Volunteerism affects Prescott EMS in more ways than one
PRESCOTT--Bill Dravis heard it for the first time in 1994 when he started with River Falls Ambulance.
Then-RF Chief Mike Stuttgen predicted volunteerism is on the decline, which is what ambulance departments throughout Pierce County and nationwide depend on for staffing.
Now, 20 years later, as director for Prescott Emergency Medical Services (EMS), Dravis has seen Stuttgen’s prediction come to fruition, forcing cities to take a second look on how they provide medical services.
“Volunteerism is at an all-time low,” Dravis said. “You can only ask people to do so much.”
He recalled 20 years ago, it took 110 hours of training to become certified as an Emergency Medical Technician. Today, the figure is up to 180, which doesn’t include the continuing education after becoming certified.
The result has seen staffing for Prescott EMS decrease over the years to today’s 32 members, which are made up of 24 volunteers, six part-time members, Dravis and Administrative Assistant Connie Hovel.
“In a perfect world,” Dravis explained, “that 24 would be 30.”
Staffing was one of the many issues discussed as the EMS Board commissioned Allina Health to do a study of the entire EMS Department earlier this year.
Allina Health was selected, Dravis said, as nearly 80 percent of patients Prescott EMS sends to hospitals are Allina-owned (River Falls and Hastings, Minn.) and they were a neutral and non-biased party.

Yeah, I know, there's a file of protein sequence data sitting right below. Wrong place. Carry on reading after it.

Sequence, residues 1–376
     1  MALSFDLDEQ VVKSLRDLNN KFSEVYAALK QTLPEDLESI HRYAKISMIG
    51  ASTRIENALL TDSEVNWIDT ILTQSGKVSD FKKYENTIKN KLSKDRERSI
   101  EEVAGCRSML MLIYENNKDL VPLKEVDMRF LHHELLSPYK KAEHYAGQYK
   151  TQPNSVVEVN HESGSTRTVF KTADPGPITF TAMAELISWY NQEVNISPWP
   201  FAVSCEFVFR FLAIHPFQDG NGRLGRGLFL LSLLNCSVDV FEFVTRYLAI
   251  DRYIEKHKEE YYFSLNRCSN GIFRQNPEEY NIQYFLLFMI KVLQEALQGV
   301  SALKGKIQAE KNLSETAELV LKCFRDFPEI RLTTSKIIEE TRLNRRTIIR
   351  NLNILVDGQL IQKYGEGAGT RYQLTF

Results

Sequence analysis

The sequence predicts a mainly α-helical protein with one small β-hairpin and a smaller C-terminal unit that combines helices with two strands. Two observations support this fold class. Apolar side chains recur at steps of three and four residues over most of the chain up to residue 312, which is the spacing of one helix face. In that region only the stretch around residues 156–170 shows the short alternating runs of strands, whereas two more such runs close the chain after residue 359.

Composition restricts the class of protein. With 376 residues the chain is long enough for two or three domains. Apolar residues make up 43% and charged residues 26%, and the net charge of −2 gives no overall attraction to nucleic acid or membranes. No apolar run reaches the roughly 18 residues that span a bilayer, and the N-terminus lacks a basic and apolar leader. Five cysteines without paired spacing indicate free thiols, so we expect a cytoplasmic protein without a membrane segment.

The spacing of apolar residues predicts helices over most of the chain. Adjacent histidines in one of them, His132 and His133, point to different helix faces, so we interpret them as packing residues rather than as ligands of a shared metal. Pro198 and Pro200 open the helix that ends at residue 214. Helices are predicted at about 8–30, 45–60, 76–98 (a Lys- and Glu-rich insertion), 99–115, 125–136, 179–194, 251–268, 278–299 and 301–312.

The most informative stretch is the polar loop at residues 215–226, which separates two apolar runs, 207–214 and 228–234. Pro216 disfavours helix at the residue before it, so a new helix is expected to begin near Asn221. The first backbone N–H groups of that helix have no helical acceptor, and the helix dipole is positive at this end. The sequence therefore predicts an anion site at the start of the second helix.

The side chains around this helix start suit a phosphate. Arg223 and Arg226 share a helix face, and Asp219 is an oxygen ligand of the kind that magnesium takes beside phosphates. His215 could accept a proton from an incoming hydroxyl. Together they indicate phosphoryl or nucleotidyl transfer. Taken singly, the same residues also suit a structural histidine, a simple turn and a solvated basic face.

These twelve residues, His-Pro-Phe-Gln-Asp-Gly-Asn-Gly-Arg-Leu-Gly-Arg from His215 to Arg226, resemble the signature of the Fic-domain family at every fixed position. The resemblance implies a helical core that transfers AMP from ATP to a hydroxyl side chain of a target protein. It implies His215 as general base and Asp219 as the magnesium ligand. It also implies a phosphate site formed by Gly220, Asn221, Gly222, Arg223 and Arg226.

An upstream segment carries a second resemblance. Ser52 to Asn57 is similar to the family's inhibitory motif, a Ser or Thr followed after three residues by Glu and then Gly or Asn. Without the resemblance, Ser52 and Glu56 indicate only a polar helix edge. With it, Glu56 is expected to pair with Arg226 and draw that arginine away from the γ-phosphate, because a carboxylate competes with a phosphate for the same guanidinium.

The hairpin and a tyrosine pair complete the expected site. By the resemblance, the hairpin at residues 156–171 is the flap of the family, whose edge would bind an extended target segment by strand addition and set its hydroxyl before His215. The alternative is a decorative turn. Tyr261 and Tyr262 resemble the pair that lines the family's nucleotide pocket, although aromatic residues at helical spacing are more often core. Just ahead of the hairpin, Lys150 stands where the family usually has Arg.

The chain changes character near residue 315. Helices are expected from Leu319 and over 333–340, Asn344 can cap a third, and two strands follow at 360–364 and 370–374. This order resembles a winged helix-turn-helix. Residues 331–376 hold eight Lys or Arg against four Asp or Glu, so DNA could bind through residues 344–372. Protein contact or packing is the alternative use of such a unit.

“Are we doing things right?” Dravis said about questions they wanted answered. “Are we providing the best service to our citizens?”
The study highlights the staffing concern which led to the board’s decision last year to hire six part-time members, who work one 24-hour shift per week being partnered up with a scheduled volunteer.
Dravis said the board studied multiple options before moving forward with the current option.
“This has been working well,” he said. “It’s a comfort system. The volunteer and part-timer work well together.
“All my people are good people. Yes, we have had our difficulties over the years, but we have done the best we can.”
The study called the part-time hirings “bold and admirable” due to how it affects Prescott in other ways, mainly for revenues and expenses, as their salaries accounted for almost 40 percent of Prescott’s net revenue for 2013. The study calls on suggestions for the part-timers to work less to alleviate the bottom line, but, at the same time, it could very well be putting the mission of the EMS – patient care – at risk.
“I don’t see the board changing it,” Dravis concluded.
For more please read the July 2 print version of the Herald.